Radio broadcast celebrates Mennonites at Goshen

Garrison Keillor shares national spotlight with students and audience

May 5, 2015 by and

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GOSHEN, Ind. — For those in the audience, the May 2 live performance of A Prairie Home Companion at Goshen College was a show they’ll never forget. But for the 27 students in the college’s Chamber Choir, it was a once-in-a-lifetime experience.

Garrison Keillor leads the audience in a hymn during the May 2 live broadcast of A Prairie Home Companion at Goshen College. —  Brian Yoder Schlabach/Goshen College

Garrison Keillor leads the audience in a hymn during the May 2 live broadcast of A Prairie Home Companion at Goshen College. — Brian Yoder Schlabach/Goshen College

At first, the choir simply expected to sing a few songs during the show. But over the course of the week leading up to the performance, Garrison Keillor, the show’s host, decided to incorporate them into more and more of the plans. By the time the program was in its final form, the Chamber Choir was as much of a presence on the stage as Keillor himself.

It was at dinner together after the first day of rehearsal — Keillor’s treat — that he began imagining creative ways to bring their voices into the show. Lyrics were re-written, soloists were tapped, and Keillor even incorporated the choir into his regular “Guy Noir” sketch as a Greek chorus, voicing Noir’s conscience.

The choir, under the direction of associate professor of music Scott Hochstetler, adapted flawlessly to the unpredictable twists and turns of the live show.

“It’s rather unusual that he involves a large group like that so intensely and so purposefully in so many skits and joke pieces,” Hochstetler said.

Sadie Gustafson-Zook, a junior from Goshen, joined Keillor on a version of “How Can I Keep from Singing?” Keillor’s revised version, “I Wish You’d Keep from Singing,” had Gustafson-Zook imploring Keillor to be quiet. The song was a last-minute addition.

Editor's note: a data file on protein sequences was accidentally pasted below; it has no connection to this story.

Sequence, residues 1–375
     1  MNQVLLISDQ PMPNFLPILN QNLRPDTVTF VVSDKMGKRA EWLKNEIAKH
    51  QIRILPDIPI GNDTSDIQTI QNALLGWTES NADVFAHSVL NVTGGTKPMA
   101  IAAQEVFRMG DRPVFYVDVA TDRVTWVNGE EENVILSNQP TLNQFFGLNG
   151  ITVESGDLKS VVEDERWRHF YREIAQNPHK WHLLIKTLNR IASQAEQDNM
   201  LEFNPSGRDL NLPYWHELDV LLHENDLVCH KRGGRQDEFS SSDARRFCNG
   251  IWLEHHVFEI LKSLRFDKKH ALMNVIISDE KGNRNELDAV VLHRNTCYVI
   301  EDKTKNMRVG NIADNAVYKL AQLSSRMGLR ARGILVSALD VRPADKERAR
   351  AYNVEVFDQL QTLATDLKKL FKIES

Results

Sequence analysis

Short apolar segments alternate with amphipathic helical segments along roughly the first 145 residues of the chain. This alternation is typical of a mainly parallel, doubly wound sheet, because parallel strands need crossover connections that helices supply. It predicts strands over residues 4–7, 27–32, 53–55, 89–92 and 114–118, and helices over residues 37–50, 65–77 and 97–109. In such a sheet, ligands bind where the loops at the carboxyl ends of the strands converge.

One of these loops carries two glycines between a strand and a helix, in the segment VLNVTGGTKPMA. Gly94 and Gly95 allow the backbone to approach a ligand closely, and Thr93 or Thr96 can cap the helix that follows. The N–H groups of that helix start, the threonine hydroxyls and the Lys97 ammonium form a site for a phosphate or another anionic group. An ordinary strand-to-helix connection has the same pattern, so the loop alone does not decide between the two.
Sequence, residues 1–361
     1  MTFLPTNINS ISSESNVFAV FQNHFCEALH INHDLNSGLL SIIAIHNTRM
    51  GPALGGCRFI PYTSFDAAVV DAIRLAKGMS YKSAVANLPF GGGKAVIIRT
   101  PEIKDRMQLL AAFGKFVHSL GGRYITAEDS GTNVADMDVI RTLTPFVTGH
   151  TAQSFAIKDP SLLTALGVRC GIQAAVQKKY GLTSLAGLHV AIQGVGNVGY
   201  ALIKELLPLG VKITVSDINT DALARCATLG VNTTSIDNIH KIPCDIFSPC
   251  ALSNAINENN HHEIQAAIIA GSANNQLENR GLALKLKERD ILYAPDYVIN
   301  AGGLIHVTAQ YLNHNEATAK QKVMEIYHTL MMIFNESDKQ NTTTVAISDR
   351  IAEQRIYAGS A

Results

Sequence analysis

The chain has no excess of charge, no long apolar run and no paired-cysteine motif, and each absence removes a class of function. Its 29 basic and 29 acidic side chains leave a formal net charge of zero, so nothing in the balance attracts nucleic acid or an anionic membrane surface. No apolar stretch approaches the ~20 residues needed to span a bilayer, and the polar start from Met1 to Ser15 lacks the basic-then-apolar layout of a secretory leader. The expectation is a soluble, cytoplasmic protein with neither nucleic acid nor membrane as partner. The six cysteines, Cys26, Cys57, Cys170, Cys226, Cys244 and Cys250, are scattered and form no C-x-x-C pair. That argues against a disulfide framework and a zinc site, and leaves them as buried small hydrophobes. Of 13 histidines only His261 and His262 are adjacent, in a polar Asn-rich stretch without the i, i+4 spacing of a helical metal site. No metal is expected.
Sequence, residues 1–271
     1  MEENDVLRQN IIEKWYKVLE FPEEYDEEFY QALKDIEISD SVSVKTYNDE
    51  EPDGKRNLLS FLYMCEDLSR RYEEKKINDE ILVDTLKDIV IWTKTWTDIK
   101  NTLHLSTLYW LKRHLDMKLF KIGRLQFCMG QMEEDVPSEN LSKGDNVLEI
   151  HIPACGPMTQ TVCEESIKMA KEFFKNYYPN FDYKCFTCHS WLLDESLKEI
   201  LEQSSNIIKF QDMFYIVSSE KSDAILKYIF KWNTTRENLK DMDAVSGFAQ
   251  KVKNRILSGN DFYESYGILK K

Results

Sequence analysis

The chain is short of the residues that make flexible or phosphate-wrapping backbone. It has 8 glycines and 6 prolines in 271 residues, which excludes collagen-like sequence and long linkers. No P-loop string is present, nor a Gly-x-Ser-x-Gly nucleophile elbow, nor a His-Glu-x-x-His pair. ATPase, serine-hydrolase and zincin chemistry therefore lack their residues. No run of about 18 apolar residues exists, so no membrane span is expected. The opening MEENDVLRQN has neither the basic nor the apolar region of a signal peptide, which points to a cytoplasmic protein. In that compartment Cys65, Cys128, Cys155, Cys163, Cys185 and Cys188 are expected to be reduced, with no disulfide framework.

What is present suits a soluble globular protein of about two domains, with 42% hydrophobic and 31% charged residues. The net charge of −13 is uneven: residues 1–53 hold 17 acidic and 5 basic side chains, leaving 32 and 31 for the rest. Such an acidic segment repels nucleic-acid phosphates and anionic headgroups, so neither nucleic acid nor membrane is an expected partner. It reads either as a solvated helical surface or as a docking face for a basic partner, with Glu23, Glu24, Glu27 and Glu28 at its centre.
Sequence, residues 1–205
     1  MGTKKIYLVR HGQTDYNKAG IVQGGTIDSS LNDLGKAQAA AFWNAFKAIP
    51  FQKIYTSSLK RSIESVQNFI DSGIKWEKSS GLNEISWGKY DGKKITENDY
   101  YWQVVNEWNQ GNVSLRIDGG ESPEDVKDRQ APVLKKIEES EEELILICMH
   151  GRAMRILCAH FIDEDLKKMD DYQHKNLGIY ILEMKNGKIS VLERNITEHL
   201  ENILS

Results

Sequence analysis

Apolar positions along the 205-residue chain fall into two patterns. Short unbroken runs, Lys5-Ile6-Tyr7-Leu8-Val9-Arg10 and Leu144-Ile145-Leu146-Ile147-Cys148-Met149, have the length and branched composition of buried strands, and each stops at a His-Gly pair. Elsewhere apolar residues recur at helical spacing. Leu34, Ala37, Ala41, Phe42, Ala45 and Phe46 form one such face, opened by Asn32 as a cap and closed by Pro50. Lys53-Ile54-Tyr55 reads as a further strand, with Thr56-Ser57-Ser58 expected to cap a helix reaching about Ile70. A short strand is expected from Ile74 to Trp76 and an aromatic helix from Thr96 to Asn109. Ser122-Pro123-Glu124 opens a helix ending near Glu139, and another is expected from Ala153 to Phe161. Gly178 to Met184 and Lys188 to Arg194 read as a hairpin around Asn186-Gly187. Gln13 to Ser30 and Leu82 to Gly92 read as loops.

After her first time singing through the duet with Keillor during rehearsal, a sound technician gave her feedback.

“He said, ‘You sound lovely, but can you give more? More vibrato. . . . This is comedy, after all.’ That reminder that I was doing a comedy act with Garrison Keillor made me realize that I was becoming one of the performers that I had listened to as a child,” Gustafson-Zook said. “That passing comment was what made the experience feel real.”

On Saturday before the show started, the song was cut, but because they were running on time, Keillor added it back in the second half.

“It was an incredible experience, and I’m so proud of the students,” Hochstetler said. “They were poised, collected and had a blast on stage. I was blown away by the genius of Garrison Keillor and his ability to work a stage and work an audience.”

‘The right place’

In the fall of 2013, Keillor visited Goshen College for an evening of storytelling, but it was the audience singing hymns from memory in four-part harmony that nearly left the famed orator speechless.